Thu, 1 Aug 2002 19:53:07 +0900, Curt Sampson firstname.lastname@example.org pisze:
Not just political reasons, but practical reasons. Unicode is designed
to work if you restrict yourself to using only 16-bit chars, and I
expect most programs are going to limit themselves to that. So even if
it were folded in to the extension space, most people wouldn’t use it.
Unicode is not 16-bit. The code point range is 0…0x10FFFF.
We don’t need to do the stupid thing that Java and MS Windows do,
i.e. using UTF-16 internally which combines disdvantages of UTF-8
and UTF-32: variable length and incompatible with ASCII.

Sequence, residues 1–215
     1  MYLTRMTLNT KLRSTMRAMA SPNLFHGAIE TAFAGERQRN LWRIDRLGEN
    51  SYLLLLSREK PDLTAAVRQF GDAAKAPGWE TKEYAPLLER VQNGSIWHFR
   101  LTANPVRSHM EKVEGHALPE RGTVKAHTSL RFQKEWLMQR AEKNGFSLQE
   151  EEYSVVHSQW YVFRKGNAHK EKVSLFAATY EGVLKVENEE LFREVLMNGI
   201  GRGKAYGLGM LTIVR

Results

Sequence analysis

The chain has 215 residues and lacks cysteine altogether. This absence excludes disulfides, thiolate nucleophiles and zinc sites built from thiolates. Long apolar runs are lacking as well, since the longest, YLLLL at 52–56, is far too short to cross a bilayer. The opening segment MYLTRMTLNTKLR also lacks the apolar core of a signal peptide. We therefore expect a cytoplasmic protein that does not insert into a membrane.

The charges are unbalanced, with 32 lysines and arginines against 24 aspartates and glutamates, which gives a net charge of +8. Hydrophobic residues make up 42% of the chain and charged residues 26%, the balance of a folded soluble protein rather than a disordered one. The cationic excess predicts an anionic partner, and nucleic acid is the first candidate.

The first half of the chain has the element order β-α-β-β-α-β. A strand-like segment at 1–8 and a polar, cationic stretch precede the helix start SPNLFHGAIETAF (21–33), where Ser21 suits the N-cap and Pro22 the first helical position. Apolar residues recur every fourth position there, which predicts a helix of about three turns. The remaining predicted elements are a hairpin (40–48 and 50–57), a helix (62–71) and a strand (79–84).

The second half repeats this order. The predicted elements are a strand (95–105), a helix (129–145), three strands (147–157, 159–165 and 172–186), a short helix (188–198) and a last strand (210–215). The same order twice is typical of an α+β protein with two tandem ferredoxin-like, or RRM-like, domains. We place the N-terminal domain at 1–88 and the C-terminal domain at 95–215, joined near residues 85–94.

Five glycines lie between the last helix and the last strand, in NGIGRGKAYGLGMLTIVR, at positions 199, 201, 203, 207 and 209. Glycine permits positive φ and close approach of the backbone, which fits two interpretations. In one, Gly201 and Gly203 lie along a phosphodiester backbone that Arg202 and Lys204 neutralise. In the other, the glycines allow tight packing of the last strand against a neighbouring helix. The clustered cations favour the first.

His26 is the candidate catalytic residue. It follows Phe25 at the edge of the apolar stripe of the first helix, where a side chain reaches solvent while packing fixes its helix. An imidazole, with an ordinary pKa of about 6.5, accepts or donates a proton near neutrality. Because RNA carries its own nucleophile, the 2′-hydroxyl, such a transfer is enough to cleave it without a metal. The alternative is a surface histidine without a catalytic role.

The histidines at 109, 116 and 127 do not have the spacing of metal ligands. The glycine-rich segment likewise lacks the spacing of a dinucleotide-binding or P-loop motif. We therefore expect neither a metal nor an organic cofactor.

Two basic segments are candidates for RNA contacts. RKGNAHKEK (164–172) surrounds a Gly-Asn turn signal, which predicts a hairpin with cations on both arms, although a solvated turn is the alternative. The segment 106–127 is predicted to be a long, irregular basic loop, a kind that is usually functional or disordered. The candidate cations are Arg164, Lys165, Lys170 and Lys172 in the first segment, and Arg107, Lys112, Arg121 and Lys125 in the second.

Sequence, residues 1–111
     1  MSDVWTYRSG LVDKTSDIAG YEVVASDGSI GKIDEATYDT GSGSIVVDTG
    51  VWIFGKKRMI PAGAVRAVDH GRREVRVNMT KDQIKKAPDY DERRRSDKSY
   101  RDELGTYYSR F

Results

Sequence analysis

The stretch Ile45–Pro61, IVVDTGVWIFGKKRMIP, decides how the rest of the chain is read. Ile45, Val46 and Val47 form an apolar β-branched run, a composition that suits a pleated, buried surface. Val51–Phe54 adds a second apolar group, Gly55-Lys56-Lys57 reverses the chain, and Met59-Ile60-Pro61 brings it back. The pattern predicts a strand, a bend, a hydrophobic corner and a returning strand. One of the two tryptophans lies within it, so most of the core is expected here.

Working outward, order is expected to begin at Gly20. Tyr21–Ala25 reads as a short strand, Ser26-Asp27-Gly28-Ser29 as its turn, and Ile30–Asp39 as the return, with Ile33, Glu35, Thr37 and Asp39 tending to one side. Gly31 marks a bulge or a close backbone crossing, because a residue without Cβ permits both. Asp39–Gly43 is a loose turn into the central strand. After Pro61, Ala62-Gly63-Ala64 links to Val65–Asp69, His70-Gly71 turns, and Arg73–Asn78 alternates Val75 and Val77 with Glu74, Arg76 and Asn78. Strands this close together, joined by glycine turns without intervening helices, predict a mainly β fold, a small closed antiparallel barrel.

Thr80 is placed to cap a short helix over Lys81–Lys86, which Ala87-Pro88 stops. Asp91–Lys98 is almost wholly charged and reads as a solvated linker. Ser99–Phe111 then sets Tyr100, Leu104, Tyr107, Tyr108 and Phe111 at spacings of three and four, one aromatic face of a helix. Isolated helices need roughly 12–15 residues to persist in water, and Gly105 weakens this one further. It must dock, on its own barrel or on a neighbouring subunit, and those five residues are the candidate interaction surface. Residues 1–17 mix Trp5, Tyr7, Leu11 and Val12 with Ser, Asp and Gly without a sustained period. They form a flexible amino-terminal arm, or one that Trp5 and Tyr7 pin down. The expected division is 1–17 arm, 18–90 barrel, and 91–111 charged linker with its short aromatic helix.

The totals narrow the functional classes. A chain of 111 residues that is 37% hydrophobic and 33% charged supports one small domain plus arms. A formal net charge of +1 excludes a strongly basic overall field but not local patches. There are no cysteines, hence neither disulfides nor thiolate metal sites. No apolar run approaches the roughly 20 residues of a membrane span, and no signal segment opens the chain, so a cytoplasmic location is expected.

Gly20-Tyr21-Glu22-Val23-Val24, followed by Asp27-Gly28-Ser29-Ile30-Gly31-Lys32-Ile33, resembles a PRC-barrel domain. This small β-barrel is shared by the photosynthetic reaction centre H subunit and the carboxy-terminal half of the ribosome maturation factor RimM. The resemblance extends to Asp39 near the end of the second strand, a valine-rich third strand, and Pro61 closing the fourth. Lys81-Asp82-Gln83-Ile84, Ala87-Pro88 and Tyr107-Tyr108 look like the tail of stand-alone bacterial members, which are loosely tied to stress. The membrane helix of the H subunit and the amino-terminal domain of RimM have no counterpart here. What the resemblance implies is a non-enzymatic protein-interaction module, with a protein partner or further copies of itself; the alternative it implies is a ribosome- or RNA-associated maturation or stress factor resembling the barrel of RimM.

The most straightforward internal representation is UTF-32: each
character is stored in 4 bytes. All other encodings are either
variable-length or can’t represent all Unicode characters.
If you need compactness or ASCII compatibility, use UTF-8. Most
characters (i.e. below U+FFFF) are encoded with 1, 2 or 3 bytes.
Good for data transmission and already widely known.
Anything else should be necessary only at the border with the outside